Weddings, Visits, and Thanksgiving

Well, no time this week for my usual insightful, life changing video blog. I’ve been on the road to see Geoff and Rose Hemingway get married (I was a Groomsman and did a great job of standing with a tux on) and now I am prepping Thanksgiving with my girls and Godchildren in Utah. Here we go!

Training on the road can be an issue. I did 100 snatches yesterday and woke up sore as can be this morning. Here is a little something that I may or may not have published:

Grace: a primer for the fitness enthusiast.

Let’s start with standing. Two tricks that will carry over to life and training are worth leaping up and trying immediately. In powerlifting, there is a simple trick to enable one to squat better. Simply, steal this trick by actively trying to spread the earth apart with your feet as you stand. Note how all the weight slides towards the outsides of the feet and the arch of the foot naturally builds back up. Feel the knees “track” open and the hips relax and the body drops naturally between the hips. This is “Active Standing” and, honestly, this position will do as much for most people as time in the gym. Almost.

The other trick comes from Esther Gockhale’s presentation to a computer company that has been online for a while. Rather than the old military posture of the upper body, instead focus on a simple shoulder move. Bring the shoulders forward a little. Bring the shoulders up a little. Bring the shoulders back all the way. Now, relax and drop the shoulders down. Hold that position. Most people I work with naturally raise their heads a bit taller doing this simple drill. Master it.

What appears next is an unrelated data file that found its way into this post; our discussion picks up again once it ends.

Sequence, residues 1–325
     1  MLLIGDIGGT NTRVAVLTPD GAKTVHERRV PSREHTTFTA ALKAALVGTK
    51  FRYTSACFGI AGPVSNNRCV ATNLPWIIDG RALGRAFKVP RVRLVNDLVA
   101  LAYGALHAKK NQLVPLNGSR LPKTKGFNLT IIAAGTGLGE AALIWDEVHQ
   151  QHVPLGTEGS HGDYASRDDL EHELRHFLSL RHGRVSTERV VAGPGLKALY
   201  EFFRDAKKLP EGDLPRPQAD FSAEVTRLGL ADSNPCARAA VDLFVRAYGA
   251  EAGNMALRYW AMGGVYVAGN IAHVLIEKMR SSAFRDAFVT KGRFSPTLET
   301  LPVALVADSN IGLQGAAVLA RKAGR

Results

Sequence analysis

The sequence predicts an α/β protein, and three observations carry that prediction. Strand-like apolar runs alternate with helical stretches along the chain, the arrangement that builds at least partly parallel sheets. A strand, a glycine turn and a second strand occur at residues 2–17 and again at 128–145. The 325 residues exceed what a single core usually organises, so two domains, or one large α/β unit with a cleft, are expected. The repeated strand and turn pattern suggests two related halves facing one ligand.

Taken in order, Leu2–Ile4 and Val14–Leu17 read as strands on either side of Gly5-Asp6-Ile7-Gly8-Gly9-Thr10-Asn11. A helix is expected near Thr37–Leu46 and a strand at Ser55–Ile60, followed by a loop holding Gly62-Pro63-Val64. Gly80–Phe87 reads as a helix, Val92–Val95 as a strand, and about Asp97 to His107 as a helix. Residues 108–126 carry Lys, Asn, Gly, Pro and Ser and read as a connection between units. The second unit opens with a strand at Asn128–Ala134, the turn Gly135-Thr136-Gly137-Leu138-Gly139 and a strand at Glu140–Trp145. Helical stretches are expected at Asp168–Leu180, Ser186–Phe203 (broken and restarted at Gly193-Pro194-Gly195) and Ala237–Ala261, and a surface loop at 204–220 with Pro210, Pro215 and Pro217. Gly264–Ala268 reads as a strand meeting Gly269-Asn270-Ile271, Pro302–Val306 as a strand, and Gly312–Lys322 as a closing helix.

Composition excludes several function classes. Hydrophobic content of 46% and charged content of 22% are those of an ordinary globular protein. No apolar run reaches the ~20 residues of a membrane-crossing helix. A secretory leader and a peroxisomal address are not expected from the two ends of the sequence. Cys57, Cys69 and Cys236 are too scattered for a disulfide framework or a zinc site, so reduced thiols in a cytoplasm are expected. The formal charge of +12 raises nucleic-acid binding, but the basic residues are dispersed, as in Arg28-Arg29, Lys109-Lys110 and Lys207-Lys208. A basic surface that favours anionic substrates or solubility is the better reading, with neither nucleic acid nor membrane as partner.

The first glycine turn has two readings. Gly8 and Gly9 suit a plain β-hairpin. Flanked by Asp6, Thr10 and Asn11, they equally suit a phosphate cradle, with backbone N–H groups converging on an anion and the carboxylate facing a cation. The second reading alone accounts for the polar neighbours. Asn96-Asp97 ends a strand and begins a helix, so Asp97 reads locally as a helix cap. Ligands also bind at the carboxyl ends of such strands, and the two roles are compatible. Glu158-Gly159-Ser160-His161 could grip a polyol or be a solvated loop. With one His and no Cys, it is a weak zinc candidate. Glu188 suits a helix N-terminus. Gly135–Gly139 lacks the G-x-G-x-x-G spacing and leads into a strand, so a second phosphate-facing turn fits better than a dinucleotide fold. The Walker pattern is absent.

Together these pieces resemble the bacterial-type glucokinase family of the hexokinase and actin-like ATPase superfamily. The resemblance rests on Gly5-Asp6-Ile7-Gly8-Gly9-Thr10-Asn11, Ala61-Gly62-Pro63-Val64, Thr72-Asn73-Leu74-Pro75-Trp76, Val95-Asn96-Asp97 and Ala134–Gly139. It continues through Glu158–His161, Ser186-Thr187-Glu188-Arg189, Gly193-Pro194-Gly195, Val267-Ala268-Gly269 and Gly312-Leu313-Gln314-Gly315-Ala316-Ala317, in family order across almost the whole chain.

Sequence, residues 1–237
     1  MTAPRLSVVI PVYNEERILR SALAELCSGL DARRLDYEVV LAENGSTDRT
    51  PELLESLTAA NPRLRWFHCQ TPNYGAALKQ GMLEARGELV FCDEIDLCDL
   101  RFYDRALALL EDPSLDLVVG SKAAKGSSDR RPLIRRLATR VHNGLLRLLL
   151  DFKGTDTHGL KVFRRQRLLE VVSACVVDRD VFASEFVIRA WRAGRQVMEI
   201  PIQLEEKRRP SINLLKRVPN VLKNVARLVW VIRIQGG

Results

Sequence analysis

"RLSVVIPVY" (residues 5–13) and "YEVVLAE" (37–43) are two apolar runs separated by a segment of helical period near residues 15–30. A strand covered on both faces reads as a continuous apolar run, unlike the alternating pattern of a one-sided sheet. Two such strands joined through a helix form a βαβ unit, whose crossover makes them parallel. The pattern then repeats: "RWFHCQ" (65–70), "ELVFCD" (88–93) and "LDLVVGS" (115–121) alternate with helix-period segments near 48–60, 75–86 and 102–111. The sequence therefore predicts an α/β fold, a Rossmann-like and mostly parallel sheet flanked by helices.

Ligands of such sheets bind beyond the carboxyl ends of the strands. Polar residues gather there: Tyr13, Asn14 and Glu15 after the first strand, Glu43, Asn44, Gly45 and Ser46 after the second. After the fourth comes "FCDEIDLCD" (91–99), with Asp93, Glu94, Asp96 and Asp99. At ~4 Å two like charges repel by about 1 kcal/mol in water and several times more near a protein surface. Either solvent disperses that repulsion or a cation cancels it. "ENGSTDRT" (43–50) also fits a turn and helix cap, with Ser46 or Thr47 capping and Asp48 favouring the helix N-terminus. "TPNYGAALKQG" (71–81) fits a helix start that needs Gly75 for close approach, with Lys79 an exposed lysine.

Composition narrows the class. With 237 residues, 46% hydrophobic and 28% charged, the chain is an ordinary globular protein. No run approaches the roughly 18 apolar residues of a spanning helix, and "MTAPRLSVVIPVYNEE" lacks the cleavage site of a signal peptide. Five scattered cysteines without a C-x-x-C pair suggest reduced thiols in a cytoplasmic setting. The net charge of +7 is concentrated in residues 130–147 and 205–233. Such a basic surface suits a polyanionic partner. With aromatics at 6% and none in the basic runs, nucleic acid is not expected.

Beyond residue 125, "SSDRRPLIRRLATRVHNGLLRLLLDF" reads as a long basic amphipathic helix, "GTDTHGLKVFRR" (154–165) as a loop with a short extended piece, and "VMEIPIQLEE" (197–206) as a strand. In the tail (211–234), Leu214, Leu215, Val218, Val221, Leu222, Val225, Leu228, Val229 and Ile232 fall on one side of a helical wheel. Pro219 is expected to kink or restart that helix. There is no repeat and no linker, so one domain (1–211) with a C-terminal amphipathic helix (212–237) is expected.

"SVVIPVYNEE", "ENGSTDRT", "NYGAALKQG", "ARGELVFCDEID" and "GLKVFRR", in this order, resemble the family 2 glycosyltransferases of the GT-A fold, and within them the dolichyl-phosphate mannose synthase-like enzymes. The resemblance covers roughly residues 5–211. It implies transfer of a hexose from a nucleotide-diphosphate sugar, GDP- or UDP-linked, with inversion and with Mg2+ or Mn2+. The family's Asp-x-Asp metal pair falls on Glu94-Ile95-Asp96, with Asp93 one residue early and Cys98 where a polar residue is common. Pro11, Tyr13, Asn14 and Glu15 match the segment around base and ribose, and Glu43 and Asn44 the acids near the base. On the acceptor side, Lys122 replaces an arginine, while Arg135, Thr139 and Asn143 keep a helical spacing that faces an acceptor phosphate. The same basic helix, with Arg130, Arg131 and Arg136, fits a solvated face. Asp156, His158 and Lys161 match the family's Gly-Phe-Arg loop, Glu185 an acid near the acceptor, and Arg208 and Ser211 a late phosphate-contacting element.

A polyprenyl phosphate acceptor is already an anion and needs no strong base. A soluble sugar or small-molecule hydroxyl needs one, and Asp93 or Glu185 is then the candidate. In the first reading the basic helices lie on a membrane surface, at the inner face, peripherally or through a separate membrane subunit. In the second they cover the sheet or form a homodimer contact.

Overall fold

Art De Vany’s wonderful presentation in Las Vegas (May 18, 2008), and available on DVD, sums a very simple way to follow this idea: Lift your Heart! Not only does it have a beautiful ring to it as a way to live one’s life, it is a simple (elegant) way to move. Allow the heart to rise up to the sky (again, what a great idea for living: Heart to the Heavens!). He also noted to “look over the cheekbones” as you walk and it ties in very well with Gockhale’s insights.

From an evolutionary perspective, De Vany hits upon a wonderful insight: there is no way humanity could have survived keeping our heads down too much looking for snakes in the grass when hungry members of the cat family were hanging around in the trees. The higher the heart, the better the vision. The better the vision, the more likely it is that your genes will survive long enough to bring the next generation.

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